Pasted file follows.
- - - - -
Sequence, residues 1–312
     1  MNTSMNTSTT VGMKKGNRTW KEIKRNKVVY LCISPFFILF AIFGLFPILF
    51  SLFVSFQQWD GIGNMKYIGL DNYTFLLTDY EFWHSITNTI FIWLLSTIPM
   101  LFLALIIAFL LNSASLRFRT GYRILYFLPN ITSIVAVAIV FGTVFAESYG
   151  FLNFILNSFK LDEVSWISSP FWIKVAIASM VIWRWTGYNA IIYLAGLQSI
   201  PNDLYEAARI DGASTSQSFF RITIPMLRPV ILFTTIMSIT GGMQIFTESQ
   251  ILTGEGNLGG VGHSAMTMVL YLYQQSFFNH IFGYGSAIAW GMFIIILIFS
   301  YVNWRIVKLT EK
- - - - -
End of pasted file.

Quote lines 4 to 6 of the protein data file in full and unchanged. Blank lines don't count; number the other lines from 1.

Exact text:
   101  LFLALIIAFL LNSASLRFRT GYRILYFLPN ITSIVAVAIV FGTVFAESYG
   151  FLNFILNSFK LDEVSWISSP FWIKVAIASM VIWRWTGYNA IIYLAGLQSI
   201  PNDLYEAARI DGASTSQSFF RITIPMLRPV ILFTTIMSIT GGMQIFTESQ